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The Real Question: Spurs or Warriors?

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There are very few, even those who claim Cleveland is a mess that think LeBron will fall short of his 6th finals appearance in 6 years. Golden State has made history, as the franchise is on its way to completing the best regular season in NBA history. Ironically enough, the Western Conference, which initially looked like a lock for Golden State to repeat, has started to look shakier with the entrance of San Antonio returning to their perennial status as contenders. The Spurs have also have a historic season. They’re not the only team on track to stay perfect at home during the regular season, but they are quietly playing up to the Warrior’s level in traditional San Antonio fashion. Recently, however, they’ve surpassed that level in power rankings. It’s an odd feeling to think of LeBron James being the underdog, but even as a team on pace for 58 wins this season, Cleveland has a monumental task to overcome with whichever western conference opponent rises from the wreckage. The question now is, who is the optimal Goliath for David to face off against this June?

Just because it would be a disservice to the fourth best team in the NBA, I guess I’ll quickly gloss over the Oklahoma City Thunder. These guys would clearly be Cleveland’s optimal matchup in the finals. During the regular season, Cleveland swept the season series without much thought. Though only winning by four points in their first matchup, The Cavs held a lead throughout almost the entire game. Not only that, but this game was played at half strength; no Channing Frye, very limited Kyrie Irving, and yet still the Cavs were a dominant force throughout. The second game in the season series proved that Cleveland’s superiority was not just a fluke. A vicious blowout in OKC cemented Cleveland as a true contender, and made the Durant/Westbrook pairing look far more fragile than it had ever been. The only real concern Cleveland should have if they end up running into the Thunder would be how the Thunder got there at all. If OKC wants to beat San Antonio and Golden State (a feat they will have to preform to get to the finals) there will need to be a dramatic increase in effort levels, meaning this team would be wholly separate from the one Cleveland saw in the regular season. Now that I’ve paid my due diligence however, let’s move onto the big boys.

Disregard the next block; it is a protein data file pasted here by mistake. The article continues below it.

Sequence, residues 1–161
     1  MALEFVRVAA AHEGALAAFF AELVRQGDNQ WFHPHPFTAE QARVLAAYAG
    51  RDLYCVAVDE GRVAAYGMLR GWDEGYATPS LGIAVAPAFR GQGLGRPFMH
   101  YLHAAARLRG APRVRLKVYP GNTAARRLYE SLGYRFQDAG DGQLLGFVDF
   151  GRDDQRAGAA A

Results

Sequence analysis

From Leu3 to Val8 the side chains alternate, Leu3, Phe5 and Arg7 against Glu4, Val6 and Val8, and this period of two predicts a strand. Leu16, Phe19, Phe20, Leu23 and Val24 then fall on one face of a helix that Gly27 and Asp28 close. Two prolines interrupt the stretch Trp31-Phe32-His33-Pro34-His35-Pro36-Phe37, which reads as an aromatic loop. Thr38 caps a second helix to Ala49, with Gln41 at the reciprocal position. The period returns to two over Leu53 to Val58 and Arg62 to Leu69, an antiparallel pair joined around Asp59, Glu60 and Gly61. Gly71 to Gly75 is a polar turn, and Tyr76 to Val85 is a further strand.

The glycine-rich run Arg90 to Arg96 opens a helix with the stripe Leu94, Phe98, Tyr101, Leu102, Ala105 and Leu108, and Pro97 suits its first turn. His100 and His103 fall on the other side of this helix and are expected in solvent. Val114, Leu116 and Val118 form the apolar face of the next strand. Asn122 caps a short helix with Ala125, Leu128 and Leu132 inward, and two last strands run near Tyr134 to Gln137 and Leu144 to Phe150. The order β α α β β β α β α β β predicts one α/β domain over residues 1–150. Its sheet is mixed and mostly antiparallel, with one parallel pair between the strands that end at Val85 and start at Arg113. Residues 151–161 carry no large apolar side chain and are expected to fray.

@warriors

@warriors

Let’s start with Golden State. They are known in the media as the clear favorite to come out of the Western Conference, and while they may look good, I mean really good, they show their cracks occasionally. Two things pique my interest when I look at Golden State, first, despite the media outright ignoring it, they fall into trap games and get lazy just like Cleveland. Their first loss of the season wasn’t to a contender, no it was to Milwaukee. They had to hit a buzzer beater against the 76ers and Brooklyn this season. The team is very, very skilled, but still is human despite what they are portrayed as. This “flaw” however will not be likely to be exploited. While in the first round against who I assume to be Utah, the team may still be gearing up for the playoffs and not fully focused in, by the NBA finals basketball is the only thing these men will have on their minds, and a lazy quarter would be rare, a lazy game, near impossible.

That being said there is a second weakness of the Golden State Warriors, and who better to have found/exploited it than the San Antonio Spurs. Golden State plays fast, they play so fast that other teams around the league have started to play fast so as try and emulate this crazy pace that Kerr’s Warriors feed off of. Gregg Popovich doesn’t buy into that nonsense. He has always played a game with the twin towers, hulking big men in the middle, and this latest iteration involving David West, Tim Duncan and LaMarcus Aldridge proves to be no different. The Warriors performance is captivating, it makes other teams want to speed up to their level and play along with the game, which is exactly what Golden State wants, but Pop was not willing to oblige. The result of slowing the tempo down? A victory through well-executed half-court offense and a defense effort that held the offensive powerhouse that is the Warriors.

Cleveland has seen both sides of this experiment…

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